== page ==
Complete Business Planning Guide with Extensive Resources Copyright Carter McNamara, MBA, PhD. NOTE: Your business plan should be highly customized to your current organizational situation. Thus, using a generic business plan template could completely misrepresent the needed focus of your business plan. (This step-by-step manual is a complement to the topic How to Start Your …
Learn Strategic Thinking from Napoleon
Biographers of Napoleon Bonaparte talk about his ability to size up a situation with a single coup d’oeil,(pronounced koo-DOY), meaning “a stroke of the eye” or “glance.” Napoleon was so knowledgeable about his strategic situation—the landscape, the enemy, available technology, similar situations from the past—that he could understand and respond quickly to ever- changing circumstances. …
Strategic Planning Facilitator: Guiding the Planning Process
Strategic Planning: The Crucial Role of a Facilitator The goal of strategic planning should be to produce a Plan that is 1) relevant, realistic, and flexible; 2) with a very high likelihood of being implemented; 3) in order to achieve the purpose of the planning, e.g., a purpose to evolve to the next stage of …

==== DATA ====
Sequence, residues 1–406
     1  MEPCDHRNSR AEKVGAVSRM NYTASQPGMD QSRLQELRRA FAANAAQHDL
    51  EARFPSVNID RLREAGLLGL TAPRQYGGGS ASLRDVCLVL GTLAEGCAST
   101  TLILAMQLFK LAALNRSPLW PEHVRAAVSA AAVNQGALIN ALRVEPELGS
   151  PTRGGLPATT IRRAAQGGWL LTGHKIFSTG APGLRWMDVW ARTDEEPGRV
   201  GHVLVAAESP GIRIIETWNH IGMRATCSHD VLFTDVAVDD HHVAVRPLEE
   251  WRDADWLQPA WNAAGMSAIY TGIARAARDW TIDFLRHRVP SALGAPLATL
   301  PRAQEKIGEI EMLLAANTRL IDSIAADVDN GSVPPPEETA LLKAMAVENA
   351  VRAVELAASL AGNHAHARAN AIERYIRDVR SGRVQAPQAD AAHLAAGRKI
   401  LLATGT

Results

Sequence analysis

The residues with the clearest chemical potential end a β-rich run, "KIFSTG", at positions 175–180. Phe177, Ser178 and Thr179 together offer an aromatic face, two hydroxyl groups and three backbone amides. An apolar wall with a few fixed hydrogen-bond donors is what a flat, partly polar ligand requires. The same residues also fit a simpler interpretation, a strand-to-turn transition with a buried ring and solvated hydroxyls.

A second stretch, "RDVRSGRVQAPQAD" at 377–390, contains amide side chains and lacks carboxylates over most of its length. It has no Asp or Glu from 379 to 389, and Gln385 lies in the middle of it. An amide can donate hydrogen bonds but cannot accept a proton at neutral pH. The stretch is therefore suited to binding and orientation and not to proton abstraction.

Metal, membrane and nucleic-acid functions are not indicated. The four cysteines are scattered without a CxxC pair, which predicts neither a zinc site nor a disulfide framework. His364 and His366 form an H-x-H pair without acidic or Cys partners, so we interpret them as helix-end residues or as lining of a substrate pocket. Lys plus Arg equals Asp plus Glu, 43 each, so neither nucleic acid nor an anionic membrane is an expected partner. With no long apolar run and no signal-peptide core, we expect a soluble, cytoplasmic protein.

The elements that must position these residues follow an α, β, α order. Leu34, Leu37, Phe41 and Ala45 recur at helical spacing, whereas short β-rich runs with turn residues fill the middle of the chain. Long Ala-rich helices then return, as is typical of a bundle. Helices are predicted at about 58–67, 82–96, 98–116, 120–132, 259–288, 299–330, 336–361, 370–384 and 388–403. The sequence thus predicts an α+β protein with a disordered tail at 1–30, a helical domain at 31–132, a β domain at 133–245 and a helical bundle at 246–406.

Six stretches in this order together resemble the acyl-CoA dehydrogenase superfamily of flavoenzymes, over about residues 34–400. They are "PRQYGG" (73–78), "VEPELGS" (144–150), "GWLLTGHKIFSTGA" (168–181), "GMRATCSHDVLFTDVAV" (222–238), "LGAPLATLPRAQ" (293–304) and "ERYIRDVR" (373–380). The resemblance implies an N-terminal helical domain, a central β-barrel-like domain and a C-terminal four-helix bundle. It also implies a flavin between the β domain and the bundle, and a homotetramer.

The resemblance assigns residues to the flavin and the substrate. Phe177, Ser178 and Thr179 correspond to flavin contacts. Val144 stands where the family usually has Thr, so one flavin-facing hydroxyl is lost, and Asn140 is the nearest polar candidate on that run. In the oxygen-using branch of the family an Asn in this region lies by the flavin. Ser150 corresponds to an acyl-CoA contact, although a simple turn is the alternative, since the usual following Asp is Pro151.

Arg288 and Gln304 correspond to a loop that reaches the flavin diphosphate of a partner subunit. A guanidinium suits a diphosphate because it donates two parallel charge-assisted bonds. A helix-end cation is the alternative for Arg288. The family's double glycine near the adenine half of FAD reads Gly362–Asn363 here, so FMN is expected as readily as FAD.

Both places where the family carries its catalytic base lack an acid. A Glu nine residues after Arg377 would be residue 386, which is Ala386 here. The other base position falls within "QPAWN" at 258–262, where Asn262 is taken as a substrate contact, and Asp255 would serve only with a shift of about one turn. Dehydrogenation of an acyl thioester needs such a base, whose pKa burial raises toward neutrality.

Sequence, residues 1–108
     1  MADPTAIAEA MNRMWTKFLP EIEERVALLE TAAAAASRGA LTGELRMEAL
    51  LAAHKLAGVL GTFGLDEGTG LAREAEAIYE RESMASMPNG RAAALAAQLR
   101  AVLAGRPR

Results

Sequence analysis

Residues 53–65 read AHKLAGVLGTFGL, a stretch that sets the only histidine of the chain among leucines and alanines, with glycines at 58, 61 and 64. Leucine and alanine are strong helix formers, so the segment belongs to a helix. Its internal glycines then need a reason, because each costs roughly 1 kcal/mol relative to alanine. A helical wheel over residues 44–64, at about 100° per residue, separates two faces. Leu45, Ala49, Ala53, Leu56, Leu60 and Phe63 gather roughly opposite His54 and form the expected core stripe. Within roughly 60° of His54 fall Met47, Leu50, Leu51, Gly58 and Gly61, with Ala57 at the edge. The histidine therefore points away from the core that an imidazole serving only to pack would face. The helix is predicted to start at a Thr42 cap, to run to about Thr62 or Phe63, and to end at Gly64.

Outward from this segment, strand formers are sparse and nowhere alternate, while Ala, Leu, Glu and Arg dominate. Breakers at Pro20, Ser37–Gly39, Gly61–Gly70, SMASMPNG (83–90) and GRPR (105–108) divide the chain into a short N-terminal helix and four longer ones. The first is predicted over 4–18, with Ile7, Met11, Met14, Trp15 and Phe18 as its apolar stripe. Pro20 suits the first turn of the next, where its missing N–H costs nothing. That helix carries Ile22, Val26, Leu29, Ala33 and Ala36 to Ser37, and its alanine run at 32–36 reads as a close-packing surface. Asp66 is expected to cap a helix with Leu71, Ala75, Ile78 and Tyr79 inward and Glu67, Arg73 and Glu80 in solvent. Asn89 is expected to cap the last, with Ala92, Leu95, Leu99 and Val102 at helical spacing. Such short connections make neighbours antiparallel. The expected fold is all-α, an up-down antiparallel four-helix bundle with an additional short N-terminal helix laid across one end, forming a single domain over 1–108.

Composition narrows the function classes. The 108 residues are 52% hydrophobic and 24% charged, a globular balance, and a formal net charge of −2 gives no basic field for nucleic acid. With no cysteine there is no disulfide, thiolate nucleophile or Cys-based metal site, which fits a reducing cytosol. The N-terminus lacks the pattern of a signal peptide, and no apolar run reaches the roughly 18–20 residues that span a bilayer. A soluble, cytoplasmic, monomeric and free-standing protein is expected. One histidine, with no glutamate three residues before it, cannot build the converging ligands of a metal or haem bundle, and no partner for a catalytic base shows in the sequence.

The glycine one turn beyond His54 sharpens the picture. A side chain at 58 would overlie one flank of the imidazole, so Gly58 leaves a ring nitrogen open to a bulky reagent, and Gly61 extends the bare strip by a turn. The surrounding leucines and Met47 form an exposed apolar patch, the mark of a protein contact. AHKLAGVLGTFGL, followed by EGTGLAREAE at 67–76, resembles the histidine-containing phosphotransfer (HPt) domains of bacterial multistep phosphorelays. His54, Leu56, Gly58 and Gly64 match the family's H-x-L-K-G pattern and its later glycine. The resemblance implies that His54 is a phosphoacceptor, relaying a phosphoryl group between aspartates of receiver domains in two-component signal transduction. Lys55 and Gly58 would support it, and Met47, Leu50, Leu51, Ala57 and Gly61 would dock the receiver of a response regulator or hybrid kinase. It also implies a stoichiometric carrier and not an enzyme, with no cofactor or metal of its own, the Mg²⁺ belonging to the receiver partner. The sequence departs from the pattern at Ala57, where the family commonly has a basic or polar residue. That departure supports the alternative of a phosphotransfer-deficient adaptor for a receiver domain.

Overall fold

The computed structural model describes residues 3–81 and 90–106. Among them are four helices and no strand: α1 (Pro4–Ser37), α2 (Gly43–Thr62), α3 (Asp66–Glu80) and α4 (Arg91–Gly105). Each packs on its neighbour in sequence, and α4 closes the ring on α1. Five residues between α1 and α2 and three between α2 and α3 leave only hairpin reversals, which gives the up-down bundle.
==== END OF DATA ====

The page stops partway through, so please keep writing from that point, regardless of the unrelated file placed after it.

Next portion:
Mistakes Made by Strategic Planning Facilitators
Here’s a list of the biggest mistakes that I have seen made by strategic planning facilitators over the years: 1. Not getting sufficiently trained on how to do facilitating, e.g., planning the meeting, goals, ground rules, which techniques to cultivate complete participation, doing interventions, managing conflict 2. Not learning a variety of strategic planning models, …
Strategic Thinking in the Age of LinkedIn
LinkedIn founder and triple billionaire Reid Hoffman has two endearing mannerisms that reveal the way he sees–and reasons with–the strategic environment. First, he peppers his statements with the word so. Almost a verbal tic that would grate on a speaking coach like the overuse of the dreaded uh … but he uses it more like …